• Dedicate a workspace. Do not allow children to do homework or “work” in bed. This sets them up for a future hard to break habit and sends the wrong message to the body. Prepare a dedicated workspace for them with plenty of room to lie out their materials, free of distractions and clutter. This includes bedtime reading where they are reading to themselves. Have a designated reading chair or create a comfy, fluffy place with fun floor pillows (just ensure they have a good light source). Another useful tool is to have a writing pad for them by their bed if suddenly they remember something to do for the next day or have a spontaneous idea, they can note it and have it the next day with little stimulation to their brain.
  • Get physical. A busy body during the day leads to good rest throughout the night. Know and evaluate your kiddo’s activity level everyday. If they have a day when they didn’t run around the play ground for 30 minutes or have PE class, have an after school activity plan to provide vital exercise. Be ready for action with jumping rope, jumping jacks, riding bikes, walking the dog, jumping on the trampoline, playing basketball, dancing to music they select. Get them moving. They will rest better, sleep better, grow better. and feel better. Optimal time for exercise is at least 2-3 hours prior to bedtime.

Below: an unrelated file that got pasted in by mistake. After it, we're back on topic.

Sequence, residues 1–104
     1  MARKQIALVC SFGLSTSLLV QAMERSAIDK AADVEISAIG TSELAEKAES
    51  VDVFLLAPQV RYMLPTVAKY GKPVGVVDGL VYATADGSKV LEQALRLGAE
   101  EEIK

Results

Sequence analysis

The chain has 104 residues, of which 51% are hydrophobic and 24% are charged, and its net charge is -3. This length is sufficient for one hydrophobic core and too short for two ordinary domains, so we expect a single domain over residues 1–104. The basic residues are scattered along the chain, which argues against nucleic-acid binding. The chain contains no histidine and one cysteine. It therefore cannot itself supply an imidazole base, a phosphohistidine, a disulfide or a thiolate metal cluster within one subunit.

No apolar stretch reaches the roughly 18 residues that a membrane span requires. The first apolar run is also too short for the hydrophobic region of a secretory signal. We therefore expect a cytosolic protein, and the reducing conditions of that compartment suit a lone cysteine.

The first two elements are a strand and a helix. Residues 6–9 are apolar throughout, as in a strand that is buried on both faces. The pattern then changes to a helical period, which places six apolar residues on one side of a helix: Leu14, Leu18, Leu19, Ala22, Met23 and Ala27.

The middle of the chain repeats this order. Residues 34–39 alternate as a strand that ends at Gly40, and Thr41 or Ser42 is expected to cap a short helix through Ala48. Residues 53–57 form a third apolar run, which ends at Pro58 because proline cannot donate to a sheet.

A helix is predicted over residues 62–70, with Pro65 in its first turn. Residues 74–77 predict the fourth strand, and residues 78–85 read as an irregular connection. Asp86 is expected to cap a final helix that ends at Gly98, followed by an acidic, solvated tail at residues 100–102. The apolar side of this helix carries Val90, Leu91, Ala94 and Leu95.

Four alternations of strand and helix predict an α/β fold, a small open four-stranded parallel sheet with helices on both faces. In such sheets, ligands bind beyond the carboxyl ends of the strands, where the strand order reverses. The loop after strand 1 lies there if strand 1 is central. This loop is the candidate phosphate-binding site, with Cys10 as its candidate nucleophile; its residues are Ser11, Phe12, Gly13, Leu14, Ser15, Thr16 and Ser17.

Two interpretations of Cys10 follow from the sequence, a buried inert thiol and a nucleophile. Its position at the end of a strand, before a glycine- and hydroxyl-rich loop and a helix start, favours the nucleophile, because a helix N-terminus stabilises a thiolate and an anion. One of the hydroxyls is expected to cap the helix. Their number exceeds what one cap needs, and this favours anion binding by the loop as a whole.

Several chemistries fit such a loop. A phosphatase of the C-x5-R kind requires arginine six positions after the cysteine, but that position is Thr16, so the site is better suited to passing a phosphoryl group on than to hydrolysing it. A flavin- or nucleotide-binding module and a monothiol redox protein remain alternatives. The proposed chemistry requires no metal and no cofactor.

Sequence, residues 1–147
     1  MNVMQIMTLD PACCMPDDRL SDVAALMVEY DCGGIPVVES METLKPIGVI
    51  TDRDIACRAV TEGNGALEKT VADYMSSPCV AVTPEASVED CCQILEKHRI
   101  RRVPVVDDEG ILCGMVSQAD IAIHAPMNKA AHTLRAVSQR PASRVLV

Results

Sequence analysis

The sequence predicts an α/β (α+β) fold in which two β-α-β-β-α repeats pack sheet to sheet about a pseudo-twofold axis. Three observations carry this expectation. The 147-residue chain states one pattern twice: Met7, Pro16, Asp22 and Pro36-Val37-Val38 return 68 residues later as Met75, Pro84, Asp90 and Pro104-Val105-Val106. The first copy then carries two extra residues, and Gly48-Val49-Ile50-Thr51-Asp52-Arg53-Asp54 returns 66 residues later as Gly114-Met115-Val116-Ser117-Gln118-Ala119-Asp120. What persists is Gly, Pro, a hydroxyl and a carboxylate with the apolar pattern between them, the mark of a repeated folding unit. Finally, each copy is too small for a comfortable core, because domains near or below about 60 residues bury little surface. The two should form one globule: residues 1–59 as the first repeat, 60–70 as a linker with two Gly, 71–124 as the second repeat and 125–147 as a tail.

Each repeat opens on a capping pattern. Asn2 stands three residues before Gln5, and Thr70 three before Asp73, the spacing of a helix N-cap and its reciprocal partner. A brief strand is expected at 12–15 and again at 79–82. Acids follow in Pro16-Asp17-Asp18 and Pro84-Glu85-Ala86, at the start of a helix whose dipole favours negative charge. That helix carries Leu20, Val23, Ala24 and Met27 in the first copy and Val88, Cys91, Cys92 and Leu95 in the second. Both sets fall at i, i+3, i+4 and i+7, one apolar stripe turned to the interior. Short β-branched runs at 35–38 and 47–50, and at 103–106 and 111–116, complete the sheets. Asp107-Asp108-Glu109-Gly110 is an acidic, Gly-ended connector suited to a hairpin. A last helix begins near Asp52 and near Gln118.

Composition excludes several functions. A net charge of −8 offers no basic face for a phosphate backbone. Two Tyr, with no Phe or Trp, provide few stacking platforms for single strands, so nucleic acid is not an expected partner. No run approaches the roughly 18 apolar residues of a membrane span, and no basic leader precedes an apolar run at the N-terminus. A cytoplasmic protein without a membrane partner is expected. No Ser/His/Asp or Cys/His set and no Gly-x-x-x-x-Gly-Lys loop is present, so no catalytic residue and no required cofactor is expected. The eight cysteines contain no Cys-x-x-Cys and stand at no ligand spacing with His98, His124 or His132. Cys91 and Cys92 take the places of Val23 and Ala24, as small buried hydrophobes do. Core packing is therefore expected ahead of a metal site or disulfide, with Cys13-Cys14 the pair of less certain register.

3. Eat Well
It all begins with “Breaking the Fast,” i.e. breakfast. Study after study shows one of the greatest ways to increase health is by eating a nutritious breakfast within one hour of waking, containing lean proteins (eggs, quinoa, hemp hearts, nut butters, plain non-fat yogurt) accompanied by organic berries and fruits and pure water to drink.  It doesn’t take much time to prepare, and the healthy rewards are well worth it.

Skip all pre-prepared, packaged “oatmeal” labeled cereals, pop tarts, bars, and bologna. The chemical cocktails in the ingredients list tell the rest of the story. Also, keep cereals to less than 7 grams of sugar per cup (dude, that’s still a lot) and free of high fructose corn syrup, corn sugar, GMOs, and artificial dyes. There should be no numbers and all capital letters in food labels, i.e.: BHT. Breakfast shouldn’t come with a health risk. Benefits of a healthy breakfast include: better performance in cognitive skills; better ability to focus; reduced risk of heart disease, type 2 diabetes, and obesity; and overall improved performance. Starting the day with a good breakfast also leads to better food choices throughout the day.

 

Just as we “Learned Everything We Needed to Know in Kindergarten,” these three keys open doors to health and wellness, no matter what grade we are in. After all, kids learn most from the ultimate teacher, the one right under their own roof.

Wishing you a joyful, healthy and successful school year.

XOXO,

Holly

 

 

Holly Pellham Davis is the founder of Clean Fresh Living, Inc., a service focused on educating consumers and families on the importance of healthy, organic, sustainable living for life and generations to come. You can hear more from Holly on herClean Fresh Living blogtwitter, and Facebook.